Water skiing usually begins with a deep water start, with the skier crouching down in the water. When the skier is ready, the driver accelerates the boat to pull the skier out of the water. A third person must be present in addition to the driver and the skier. The third person’s job is to watch the skier and inform the driver if the skier falls. Communication between the skier and the people on the boat is done with hand signals. Speeds vary from 14 mph-36 mph for slalom water skiing; up to approximately 45 mph for barefoot skiing, and approaching 120 mph in water ski racing. The length of the rope will also vary widely dependent on sport discipline and skill level.
By Evil Erin
Water Skiing Types
Show water skiing
Show water skiing is a type of water skiing where skiers try to perform tricks somewhat similar to those of gymnasts while being pulled along by the boat. There are several different types of events that show skiing involves such as pyramids, ski doubles, jump, straps and swivel skiing. Show skiing is normally performed in water ski shows, with elaborate costumes and announcers. Water Ski Show teams may compete regionally or nationally. In the USA, each team member must be a member of USA Water Ski to compete. Show skiing has been around for over 60 years. The first show organized occurred in 1928.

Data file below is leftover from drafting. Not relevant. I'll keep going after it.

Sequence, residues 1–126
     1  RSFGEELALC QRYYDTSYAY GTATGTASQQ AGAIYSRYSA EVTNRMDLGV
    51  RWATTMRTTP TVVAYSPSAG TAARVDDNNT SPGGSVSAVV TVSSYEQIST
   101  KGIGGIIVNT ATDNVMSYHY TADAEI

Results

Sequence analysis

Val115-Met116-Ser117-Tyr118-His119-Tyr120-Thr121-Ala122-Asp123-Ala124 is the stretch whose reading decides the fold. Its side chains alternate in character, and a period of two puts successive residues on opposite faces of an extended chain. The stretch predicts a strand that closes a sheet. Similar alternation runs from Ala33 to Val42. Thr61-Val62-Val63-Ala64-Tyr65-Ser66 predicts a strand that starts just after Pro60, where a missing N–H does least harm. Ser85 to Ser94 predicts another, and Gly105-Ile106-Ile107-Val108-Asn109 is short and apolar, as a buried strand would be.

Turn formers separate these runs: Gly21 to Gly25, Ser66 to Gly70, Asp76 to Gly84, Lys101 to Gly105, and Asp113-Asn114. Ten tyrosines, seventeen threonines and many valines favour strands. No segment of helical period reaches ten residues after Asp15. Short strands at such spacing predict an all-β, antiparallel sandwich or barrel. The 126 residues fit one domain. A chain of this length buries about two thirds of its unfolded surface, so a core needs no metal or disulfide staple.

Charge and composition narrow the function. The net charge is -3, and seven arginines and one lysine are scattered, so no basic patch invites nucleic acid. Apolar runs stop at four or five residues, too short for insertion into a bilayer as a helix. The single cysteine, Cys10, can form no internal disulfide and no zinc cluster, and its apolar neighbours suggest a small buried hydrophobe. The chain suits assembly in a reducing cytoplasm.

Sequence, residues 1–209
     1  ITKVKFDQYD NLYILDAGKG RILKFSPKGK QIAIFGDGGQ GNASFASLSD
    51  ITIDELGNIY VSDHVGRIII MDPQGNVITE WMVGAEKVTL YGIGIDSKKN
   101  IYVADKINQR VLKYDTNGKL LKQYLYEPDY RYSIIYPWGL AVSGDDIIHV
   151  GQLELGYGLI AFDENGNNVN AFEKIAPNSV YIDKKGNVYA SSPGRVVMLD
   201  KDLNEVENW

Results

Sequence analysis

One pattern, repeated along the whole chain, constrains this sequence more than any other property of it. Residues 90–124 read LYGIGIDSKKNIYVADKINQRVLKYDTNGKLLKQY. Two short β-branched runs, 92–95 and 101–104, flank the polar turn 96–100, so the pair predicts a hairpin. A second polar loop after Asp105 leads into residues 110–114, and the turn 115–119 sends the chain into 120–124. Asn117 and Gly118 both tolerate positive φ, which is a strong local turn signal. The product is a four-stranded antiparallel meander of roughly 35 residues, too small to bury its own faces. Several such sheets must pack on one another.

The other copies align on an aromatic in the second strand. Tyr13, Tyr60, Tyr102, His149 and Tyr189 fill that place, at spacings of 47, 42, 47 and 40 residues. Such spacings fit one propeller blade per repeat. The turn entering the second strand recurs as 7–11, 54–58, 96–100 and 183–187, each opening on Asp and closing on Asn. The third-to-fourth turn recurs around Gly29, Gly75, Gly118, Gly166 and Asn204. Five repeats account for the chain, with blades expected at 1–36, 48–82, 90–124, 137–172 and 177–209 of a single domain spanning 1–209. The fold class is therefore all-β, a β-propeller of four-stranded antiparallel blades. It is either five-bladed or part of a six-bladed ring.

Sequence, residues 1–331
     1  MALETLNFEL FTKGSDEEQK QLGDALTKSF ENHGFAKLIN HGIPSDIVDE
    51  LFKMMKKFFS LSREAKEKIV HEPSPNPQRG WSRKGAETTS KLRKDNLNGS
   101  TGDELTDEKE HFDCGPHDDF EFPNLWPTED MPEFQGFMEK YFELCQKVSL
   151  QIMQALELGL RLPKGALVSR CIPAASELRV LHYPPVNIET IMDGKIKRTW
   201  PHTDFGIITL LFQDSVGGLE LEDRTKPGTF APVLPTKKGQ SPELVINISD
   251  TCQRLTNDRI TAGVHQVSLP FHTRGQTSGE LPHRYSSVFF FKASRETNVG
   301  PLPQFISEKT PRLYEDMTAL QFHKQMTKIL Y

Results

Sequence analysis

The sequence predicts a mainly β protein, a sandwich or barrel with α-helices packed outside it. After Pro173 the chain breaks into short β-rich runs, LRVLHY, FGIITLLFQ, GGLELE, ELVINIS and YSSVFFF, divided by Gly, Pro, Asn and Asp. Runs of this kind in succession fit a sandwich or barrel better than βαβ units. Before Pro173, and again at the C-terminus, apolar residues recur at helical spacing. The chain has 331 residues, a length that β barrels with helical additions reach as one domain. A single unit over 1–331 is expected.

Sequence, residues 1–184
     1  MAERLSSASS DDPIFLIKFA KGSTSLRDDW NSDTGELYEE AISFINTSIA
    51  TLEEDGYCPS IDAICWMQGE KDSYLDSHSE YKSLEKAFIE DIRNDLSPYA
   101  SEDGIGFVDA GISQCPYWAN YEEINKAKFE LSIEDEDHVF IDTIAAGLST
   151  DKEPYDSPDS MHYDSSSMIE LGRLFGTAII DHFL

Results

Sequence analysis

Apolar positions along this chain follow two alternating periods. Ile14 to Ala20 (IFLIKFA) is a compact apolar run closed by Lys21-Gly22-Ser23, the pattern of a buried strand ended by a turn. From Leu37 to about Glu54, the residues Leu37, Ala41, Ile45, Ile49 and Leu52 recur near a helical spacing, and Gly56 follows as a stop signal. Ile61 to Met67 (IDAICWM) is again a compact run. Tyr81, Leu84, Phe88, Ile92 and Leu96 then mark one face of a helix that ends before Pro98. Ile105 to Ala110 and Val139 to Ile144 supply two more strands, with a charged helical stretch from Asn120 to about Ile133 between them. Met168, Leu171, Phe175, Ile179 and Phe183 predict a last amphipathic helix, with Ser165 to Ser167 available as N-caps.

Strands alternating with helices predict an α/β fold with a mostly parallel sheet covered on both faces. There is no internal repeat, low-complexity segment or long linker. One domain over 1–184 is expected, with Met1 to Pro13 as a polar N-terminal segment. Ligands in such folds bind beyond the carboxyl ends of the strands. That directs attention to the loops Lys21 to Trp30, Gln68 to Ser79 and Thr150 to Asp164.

In the context of water skiing, slalom means to use only one ski. A special slalom ski is used which has two plates, a front boot and either a toe plate, open binding, or another binding (similar to the front binding) behind the main one. The bindings are oriented so that both feet point forward, with one behind the other. Slalom skiing dramatically increases the speed, up to 58 kilometers per hour, and agility of the water skier.
Different water skiing techniques of tournament slalom skiing:
Trick Water skiing
Trick water skiing is based on using a smaller, oval-shaped waterski that is smooth on the bottom in order for it to be able to turn over the surface of the water. This ski gives the skier a lot more freedom to perform tricks. Trick skiers can use either one or two skis.
Tournament trick water skiing